The film is full of typical Pixar touches, though more modest in its effect and depth. Writer-director Dan Scanlon (of the strangely forgotten Monsters University) brings to the picture genre play that is featherlight, a gentle needling of fantasy tropes while wholeheartedly embracing the fetch quest construction. But for however simple the plot, the emotions do run deep and true. It may have the shape of a machine-tooled moving response machine — all levers and buttons flipped and pushed to shape the necessary payoffs — but the warm vocal performances of Tom Holland and Chris Pratt are loveably believable cartoonish brothers, and the ache of their need to connect with a father they barley knew is sometimes palpable. The ultimate conclusion is surprising and satisfying, though I wish the movie was better equipped to dig deeper and more cleverly into its premise. (What, exactly, is the relationship between the very real magic and the rest of society? No underground support group like the shark’s in Finding Nemo? And why doesn’t the boy’s mother (Julia Louis-Dreyfus) get to spend time with her husband’s legs?) Pixar of yore would’ve wrung every drop of wonder and delight out of its conceit, its premise, and its world. Imagine the airtight structure of Toy Story or the swooning accumulated details of WALL-E. Alas. Onward nonetheless points a way forward, reaffirming the studio’s commitment to new stories to tell in its typically detailed style and earnest emotive effort. The characters are just too sympathetic and the quest too pure to deny. A sequence where the lad prepares to step out over a bottomless pit is as good — suspenseful and charming — as any I’ve seen of late, and a fine metaphor for the company itself. I’d rather Pixar be taking that leap of faith than retreading past successes any day. Onward and upward.

Sunday, March 1, 2020


Leigh Whannell’s The Invisible Man knows a monster movie is only as good as its metaphor. Thus it spins a gripping, upsetting, and satisfying chiller out of a great one. It starts with a woman (Elisabeth Moss) escaping an abusive relationship, her controlling boyfriend (Oliver Jackson-Cohen) so outraged at that prospect that, when he awakes to find her sneaking away in the middle of the night, he runs at the car and punches its window out. She just barely flees, and as she tries to recover a life for herself with the help of her sister (Harriet Dyer) and a friend (Aldis Hodge), she feels haunted by her poisonous relationship. The key to the film’s working so well is its grounding the psychology of these opening scenes. Selling the realism of the moment is a raw and open performance from Moss (drawing on her Mad Men poise and Handmaid's Tale despair) and tenterhooks prickling filmmaking from Whannell (veteran genre craftsman most recently of the gory good sci-fi actioner Upgrade). There's a deliberate pace, ice-cold cinematography often isolating her in the frame, amped-up sound design making every sudden noise a potential threat. It puts the audience in her headspace. This isn’t merely a pulp start; an entirely convincing realistic drama might be spun from these truthful, observant scenes of a woman readjusting after living under the thumb of a cruel, manipulative partner. The acting is rooted in precisely calibrated real-world horror. Her partner was already a monster before he’s even more of a monster.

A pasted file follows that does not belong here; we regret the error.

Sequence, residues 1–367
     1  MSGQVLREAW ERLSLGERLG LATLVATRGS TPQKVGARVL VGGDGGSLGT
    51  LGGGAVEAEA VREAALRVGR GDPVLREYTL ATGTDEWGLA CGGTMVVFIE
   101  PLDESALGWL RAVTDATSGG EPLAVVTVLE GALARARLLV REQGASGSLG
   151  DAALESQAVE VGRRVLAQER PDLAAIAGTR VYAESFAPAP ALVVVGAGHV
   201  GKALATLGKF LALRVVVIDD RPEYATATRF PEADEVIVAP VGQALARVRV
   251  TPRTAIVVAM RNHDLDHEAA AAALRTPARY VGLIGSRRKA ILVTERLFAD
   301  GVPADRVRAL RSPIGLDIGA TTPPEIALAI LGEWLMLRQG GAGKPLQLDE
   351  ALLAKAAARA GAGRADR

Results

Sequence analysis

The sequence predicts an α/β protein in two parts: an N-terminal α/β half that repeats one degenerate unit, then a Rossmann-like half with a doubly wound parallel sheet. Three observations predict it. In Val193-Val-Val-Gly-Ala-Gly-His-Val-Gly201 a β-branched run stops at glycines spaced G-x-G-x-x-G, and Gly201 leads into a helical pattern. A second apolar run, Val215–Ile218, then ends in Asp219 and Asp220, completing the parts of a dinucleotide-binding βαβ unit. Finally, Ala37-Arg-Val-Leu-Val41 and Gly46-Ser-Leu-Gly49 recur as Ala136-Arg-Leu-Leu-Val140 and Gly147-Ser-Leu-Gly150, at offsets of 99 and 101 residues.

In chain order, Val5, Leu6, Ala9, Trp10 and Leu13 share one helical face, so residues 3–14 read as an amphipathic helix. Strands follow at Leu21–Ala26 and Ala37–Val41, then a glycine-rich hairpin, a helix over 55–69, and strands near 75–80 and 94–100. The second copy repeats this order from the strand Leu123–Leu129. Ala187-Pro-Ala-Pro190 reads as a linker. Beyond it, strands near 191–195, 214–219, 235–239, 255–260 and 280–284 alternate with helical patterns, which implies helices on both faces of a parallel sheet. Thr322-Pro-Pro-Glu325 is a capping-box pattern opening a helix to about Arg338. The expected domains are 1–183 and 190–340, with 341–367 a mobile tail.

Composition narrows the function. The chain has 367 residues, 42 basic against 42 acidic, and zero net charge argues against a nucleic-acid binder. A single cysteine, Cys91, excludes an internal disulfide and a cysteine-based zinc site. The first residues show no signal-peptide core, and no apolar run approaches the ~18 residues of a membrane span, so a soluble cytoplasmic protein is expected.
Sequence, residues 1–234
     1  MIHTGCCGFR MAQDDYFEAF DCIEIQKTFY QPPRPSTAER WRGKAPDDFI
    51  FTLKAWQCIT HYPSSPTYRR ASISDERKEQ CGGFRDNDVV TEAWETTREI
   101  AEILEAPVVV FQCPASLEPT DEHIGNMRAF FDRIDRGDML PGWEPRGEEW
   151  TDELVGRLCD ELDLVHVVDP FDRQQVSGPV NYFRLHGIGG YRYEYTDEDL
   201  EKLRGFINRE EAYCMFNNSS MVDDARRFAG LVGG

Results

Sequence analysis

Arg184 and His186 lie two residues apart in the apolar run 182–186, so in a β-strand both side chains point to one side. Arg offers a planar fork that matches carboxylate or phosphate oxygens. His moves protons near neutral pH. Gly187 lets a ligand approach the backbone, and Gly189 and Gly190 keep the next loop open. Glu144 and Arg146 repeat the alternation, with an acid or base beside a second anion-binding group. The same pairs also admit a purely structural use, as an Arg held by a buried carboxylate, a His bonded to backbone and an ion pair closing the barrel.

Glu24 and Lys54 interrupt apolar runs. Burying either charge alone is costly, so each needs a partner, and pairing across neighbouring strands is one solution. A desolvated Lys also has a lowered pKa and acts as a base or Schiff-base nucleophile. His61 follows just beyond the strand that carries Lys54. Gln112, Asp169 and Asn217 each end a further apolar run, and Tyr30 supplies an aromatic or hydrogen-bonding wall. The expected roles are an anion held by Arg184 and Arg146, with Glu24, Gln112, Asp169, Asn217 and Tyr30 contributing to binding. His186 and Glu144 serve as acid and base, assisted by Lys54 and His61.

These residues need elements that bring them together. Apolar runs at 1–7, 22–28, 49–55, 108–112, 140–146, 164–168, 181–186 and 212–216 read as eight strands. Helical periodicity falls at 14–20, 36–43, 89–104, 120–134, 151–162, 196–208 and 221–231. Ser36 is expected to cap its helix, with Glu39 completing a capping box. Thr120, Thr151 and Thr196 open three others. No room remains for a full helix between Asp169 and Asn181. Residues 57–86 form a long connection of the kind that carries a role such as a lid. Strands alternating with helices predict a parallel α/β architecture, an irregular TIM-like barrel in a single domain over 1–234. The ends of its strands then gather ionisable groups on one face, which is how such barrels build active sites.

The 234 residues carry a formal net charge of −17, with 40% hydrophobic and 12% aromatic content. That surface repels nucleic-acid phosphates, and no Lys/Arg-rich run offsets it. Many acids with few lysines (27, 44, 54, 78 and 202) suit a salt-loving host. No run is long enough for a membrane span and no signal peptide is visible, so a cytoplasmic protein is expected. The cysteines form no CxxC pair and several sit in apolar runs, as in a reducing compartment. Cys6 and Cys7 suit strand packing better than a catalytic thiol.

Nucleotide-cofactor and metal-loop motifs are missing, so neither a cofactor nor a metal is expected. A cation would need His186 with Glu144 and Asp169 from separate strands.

That the movie uses this sturdy, steady foundation for its central metaphor makes everything that follows all the more effective and suspenseful. A couple weeks after her escape, she hears that he’s killed himself. This should make her feel safer. At least, that’s what her support system tries to tell her. But she can’t shake the feeling that her abuser is around — a hair-on-the-back-of-the-neck sense that someone is watching. When it escalates to objects in the background suddenly moving — a gleaming knife slipping off that counter; a disembodied puff of breath on a cold porch — and then props in the foreground behaving strangely — an open door, a yanked sheet — it’s clear there’s something going on. And it’s even clearer that every little ghost-story style poltergeist activity is calibrated to make her appear crazy, to sow doubt in her support system, to isolate her and maintain her invisible abuser’s manipulative control over her life. It’s a haunting metaphor, and the undetectable, unpredictable effects of its monster’s actions make for truly unsettling negative space, and the most jolting of jump scares. As the movie springs its surprises, explaining its conceit, revealing new layers of horror, and paying off elements you won’t even realize were setups in the first place, Whannell takes great pleasure in playing the audience, twisting the knife with sudden shocks while dangling the possibility for catharsis. It’s an exceptionally well-crafted feat of genre fare, brilliantly reconfiguring H.G. Wells’ original idea via the recently buzzworded classic film Gaslight into a freshly creepy bit of horror filmmaking. It’s hugely entertaining with its chilly tension impressively sustained, while at its center is the painful story of a woman whose inside-out understanding of her ex’s evil is dangerously disbelieved.